Whether it’s a car, truck, or SUV – for most people, this basic necessity of modern day life is the next-biggest cost on the monthly budget next to mortgage or rent. And with negotiable pricing, varied financing plans, add-on options and upgrades, even the smartest, savviest consumer can be misled – or even bamboozled – by an unethical auto dealer. Pennsylvania law provides consumers a number of protections if that purchase fails to live up to the seller’s promises.
Some car dealers don’t follow the rules.
Year-after-year, auto-related grievances continuously rank among the top 10 consumer complaints recorded with the Federal Trade Commission (FTC). There are many types of auto fraud, and unfortunately, they are astonishingly common. But the basis of having a valid legal case of fraud is simple:
- A ‘material omission’ was made (information was withheld – whether asked or not), or
- A ‘misrepresentation’ was made (to state something as fact that is untrue).
Let’s look at an example ‘material omission’ scenario: After being shown a number of used vehicles at the local car dealer, Alex decides to buy a small, fuel-efficient sedan. After all, the test drive went well and the salesperson said that the sedan is a great car that will last a long time. Alex drives off the lot with the newly purchased vehicle. But just a few days later, the check engine light comes on. Alex’s trusted mechanic inspects the car and finds the front end of the vehicle is out of alignment and has frame damage: evidence of a prior accident. Stunned, Alex takes the car back to the dealership. The dealer is apologetic, but claims they can’t help Alex. But the dealer is wrong – if they knew, or should have known, about that frame damage prior to sale, they were required by law to disclose this. Otherwise, the dealership is liable for auto fraud. Other examples of information that require disclosure: if a vehicle was a “lemon law” buyback, a prior rental, a prior salvage, or had been in an accident that required major repair work such as suspension damage.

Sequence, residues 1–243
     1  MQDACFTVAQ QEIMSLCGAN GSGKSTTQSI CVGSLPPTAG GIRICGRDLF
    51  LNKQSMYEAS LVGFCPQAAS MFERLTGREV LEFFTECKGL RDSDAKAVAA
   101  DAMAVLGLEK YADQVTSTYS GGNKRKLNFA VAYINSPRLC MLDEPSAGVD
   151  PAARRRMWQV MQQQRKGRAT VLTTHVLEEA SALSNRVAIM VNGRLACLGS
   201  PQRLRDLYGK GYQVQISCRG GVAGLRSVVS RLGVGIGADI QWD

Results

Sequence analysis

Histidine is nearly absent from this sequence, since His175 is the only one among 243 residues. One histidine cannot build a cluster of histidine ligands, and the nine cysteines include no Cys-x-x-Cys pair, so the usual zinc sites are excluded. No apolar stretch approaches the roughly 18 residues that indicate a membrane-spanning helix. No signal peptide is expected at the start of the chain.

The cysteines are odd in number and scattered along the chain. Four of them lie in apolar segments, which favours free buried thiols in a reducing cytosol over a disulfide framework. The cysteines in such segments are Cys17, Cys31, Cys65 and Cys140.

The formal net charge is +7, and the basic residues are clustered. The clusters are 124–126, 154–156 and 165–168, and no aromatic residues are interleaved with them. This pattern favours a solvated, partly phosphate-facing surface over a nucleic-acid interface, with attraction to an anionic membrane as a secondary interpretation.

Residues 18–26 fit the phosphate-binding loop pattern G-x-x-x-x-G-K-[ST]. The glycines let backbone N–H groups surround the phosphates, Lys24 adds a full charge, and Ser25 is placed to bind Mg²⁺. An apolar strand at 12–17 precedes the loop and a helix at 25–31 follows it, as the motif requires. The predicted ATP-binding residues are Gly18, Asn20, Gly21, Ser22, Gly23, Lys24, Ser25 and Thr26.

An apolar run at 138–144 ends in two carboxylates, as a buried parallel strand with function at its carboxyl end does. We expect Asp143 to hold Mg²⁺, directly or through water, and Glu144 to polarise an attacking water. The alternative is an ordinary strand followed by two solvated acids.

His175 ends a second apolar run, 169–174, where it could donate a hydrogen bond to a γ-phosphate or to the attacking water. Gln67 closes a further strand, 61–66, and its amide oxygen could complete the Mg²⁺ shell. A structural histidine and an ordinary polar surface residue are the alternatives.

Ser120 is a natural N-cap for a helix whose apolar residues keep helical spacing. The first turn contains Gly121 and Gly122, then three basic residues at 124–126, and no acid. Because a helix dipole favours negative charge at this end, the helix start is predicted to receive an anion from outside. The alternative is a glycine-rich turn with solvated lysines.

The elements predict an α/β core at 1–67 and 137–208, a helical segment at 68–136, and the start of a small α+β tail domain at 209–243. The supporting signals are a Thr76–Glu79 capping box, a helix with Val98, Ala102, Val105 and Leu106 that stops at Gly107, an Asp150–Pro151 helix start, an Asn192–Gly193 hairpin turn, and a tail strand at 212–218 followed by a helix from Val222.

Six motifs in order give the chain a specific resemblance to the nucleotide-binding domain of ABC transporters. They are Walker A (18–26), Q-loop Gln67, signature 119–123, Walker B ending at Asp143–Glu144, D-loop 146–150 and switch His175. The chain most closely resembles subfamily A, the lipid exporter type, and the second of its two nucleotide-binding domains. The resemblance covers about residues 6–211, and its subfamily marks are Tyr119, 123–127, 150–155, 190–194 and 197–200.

Instances of ‘misrepresentation’ can be blatant. To name a few – selling a used car as “new”, odometer tampering, price, rate and/or trade-in terms switched on contracts. In short – if a dealership fails to follow the law, or knowingly ignores it, you may have a claim of auto fraud.
We put the brakes on auto fraud in Pennsylvania.
At our law firm, our approach is thorough. We look at a number of factors to determine if you have a case of auto fraud – from purchase to finance paperwork, the vehicle’s prior history (where it came from, number of previous owners) and more. We also often review your bill of sale, warranty, and odometer disclosure. If you have any work orders from repair attempts, we will include those in our review.
If you think you are a victim of auto fraud, give us a call for a free case evaluation. This telephone consultation is no obligation, and in most cases, we can take your case and you don’t have to pay attorney fees.
For your free case evaluation, call us at (412) 209-0657.